Beyond attitudes towards gender, race, sexuality, and class, Young discovers a gulf in attitudes between generations on the fate of books and the collectors’ market. The older generation believes the rare book market, indeed, books themselves, will have vanished in the next few years. They blame eBooks and that tried and true boogeyman of the present: Millennials. People don’t read books anymore, they say, or if they do it’s on the internet and it’s in short bursts. The notion that how we read and process information is a fascinating one and not necessarily a signpost of a culture on its last leg before Doomsday. 

Things change. Records gave way to CDs which gave way to mp3 files which have given way to, well records and CDs, again. Kevin Young, the director of the Schomburg Center for Research in Black Culture, rebukes this generational terror that books may one day vanish. “As much as this idea that books are dying or they are somehow crumbling which is, of course, not true, try to open a file from your computer seven years ago. It’s a hit or miss proposition.” 

One collector, Laura Minor, adds, “It’s not clear to me that the codex has lost its magic to people. We don’t really have trouble selling books. I think the death of the book is highly overrated.” Lebowitz agrees, “I go on the subway a lot and the people that I see reading books, actual books on the subways are mostly in their twenties. This is one of the few encouraging things you will ever see on a subway.”  

Minor’s partner, Rebecca Romney laughs at the skepticism of her elders. “They’re saying ‘I don’t know what you’re going to do?’ and I’m like ‘I have so many ideas.” 

The Booksellers critiques the old vanguard of rare book collectors but never really outright calls them out. Young merely juxtaposes the old with the new and lets them speak for themselves. In the midst of all this, Young also gives us a guided tour through a part of New York City, 4th Avenue, that has vanished. At one time the street was home to a multitude of bookshops that have all but gone out of business or merely were bought out.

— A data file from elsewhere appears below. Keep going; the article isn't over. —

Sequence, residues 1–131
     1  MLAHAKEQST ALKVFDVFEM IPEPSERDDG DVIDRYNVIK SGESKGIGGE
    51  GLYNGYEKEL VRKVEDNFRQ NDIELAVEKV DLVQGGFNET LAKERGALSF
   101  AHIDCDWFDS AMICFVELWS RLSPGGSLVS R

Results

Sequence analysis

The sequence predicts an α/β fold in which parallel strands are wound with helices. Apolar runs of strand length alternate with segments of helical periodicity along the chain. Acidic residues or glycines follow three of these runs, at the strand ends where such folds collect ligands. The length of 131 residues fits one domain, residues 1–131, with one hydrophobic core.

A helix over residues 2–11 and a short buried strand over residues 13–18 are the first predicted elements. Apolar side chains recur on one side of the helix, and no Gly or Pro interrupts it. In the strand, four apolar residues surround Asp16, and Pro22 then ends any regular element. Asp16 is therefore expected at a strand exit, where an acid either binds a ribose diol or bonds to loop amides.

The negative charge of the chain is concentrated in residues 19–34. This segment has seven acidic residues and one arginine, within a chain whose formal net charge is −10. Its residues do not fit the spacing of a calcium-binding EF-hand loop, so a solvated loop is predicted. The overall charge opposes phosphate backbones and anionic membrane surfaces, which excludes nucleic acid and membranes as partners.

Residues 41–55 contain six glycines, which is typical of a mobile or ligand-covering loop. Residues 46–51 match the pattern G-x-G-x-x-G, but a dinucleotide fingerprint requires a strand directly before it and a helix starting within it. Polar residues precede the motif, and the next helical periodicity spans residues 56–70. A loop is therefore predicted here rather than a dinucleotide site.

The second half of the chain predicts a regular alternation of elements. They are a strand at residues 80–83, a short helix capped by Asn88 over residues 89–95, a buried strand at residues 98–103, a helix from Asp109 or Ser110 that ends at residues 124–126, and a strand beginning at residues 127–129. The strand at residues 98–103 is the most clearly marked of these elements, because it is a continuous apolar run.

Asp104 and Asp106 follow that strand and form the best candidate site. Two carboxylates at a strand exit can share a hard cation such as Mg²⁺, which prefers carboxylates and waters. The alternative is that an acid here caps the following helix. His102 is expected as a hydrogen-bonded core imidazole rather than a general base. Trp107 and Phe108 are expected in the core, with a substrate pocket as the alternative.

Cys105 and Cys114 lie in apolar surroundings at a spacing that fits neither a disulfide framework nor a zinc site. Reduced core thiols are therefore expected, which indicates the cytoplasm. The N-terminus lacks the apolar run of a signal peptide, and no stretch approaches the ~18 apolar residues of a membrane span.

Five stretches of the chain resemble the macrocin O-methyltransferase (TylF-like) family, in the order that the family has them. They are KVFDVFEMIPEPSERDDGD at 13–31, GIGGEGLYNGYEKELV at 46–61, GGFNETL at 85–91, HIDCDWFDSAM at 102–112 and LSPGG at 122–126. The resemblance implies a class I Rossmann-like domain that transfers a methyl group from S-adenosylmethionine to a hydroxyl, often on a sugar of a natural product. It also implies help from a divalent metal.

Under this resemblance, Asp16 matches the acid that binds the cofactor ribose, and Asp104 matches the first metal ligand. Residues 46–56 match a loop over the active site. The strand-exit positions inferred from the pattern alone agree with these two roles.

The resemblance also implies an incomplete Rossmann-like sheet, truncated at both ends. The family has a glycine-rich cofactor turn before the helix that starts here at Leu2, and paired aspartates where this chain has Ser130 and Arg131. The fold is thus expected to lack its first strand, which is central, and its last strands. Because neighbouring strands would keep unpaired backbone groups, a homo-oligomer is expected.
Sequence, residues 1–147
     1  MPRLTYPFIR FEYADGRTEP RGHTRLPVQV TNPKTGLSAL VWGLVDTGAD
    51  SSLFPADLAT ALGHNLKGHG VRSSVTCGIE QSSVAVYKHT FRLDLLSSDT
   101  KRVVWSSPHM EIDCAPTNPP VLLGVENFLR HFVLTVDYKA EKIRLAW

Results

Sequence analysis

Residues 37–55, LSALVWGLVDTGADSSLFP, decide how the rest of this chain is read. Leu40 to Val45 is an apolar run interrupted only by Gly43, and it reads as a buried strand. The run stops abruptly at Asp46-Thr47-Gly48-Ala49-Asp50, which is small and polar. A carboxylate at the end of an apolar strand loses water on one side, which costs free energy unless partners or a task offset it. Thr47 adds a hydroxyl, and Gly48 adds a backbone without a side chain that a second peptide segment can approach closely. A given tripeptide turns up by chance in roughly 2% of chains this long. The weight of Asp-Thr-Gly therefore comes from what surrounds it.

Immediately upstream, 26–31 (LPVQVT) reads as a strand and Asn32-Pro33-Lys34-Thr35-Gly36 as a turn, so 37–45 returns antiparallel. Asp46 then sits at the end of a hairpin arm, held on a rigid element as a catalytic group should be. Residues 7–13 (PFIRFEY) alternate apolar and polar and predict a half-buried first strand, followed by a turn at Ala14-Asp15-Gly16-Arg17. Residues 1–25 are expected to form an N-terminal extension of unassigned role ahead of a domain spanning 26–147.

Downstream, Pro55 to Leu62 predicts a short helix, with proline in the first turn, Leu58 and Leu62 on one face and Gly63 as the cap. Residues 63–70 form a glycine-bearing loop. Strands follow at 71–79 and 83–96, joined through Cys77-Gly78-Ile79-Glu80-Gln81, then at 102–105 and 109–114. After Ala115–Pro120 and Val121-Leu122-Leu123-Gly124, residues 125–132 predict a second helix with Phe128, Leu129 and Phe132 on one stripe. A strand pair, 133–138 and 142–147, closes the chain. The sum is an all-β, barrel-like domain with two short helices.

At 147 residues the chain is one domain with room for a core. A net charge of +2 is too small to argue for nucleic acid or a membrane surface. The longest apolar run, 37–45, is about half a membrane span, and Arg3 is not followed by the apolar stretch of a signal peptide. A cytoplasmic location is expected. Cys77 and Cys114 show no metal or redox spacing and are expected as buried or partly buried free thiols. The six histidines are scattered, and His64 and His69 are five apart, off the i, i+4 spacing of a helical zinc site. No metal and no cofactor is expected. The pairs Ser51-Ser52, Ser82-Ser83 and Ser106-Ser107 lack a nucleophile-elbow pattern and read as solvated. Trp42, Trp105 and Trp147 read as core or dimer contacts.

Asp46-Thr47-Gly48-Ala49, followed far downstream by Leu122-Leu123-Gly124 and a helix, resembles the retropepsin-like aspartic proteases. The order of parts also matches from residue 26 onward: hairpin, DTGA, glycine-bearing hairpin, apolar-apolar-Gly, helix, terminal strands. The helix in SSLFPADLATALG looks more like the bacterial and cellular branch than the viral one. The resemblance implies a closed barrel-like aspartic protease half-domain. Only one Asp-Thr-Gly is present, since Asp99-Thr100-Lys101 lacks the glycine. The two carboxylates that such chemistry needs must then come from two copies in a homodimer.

I lived in New York City for two years and I have to say, of all the cities I’ve lived in New York had the most incredible access to books that I have ever seen. Forget bookstores, over by Washington Square there is a veritable city of people with card tables brimming with used books, common and rare, tattered and pristine, all for sale from a few cents to a few dollars. Between those tables and getting lost in that grand old bookstore, The Strand, with its four miles of books, and the awesomeness of the New York City Public Library, I have never quite found an equal to that city’s bountiful collection of the written word. It’s a miracle in and of itself. 

In a way, The Booksellers is less about rare books and more a love letter to a city and its very intimate and peculiar relationship with books.  

Young takes us inside many private collections and libraries. One of them being the infamous private library of Jay S. Walker, a sight that never fails to leave me gasping. Every time I see it I feel as if I’m stepping into a room of the Doctor’s T.A.R.D.I.S. If you’re the type of person who feels compelled to spend hours perusing through row upon row of books merely curious as to what they have, in search of nothing while in search of something, then The Booksellers is a documentary for you. 

The Booksellers is at its best when it follows esoteric avenues of thought. Discussions about the importance of books, how we relate to both the story and the physical thing which is the book itself, and how we gather and disseminate knowledge. Young offers the staple of grumpy eccentric old white men saying the Halcyon days of books collecting and reading are gone. But then he offers up a rebuttal from a wide array of happy smiling young women and men scratching their heads at that generation’s pessimism. The book isn’t going anywhere, but the old booksellers are. A new world is emerging. One where anyone can buy books and collect them, and therein lies the true root of their terror.  

 Image courtesy of Greenwich Entertainment

Author

  • Jeremiah

    Jeremiah lives in Los Angeles and divides his time between living in a movie theatre and writing mysteries. There might also be some ghostbusting being performed in his spare time.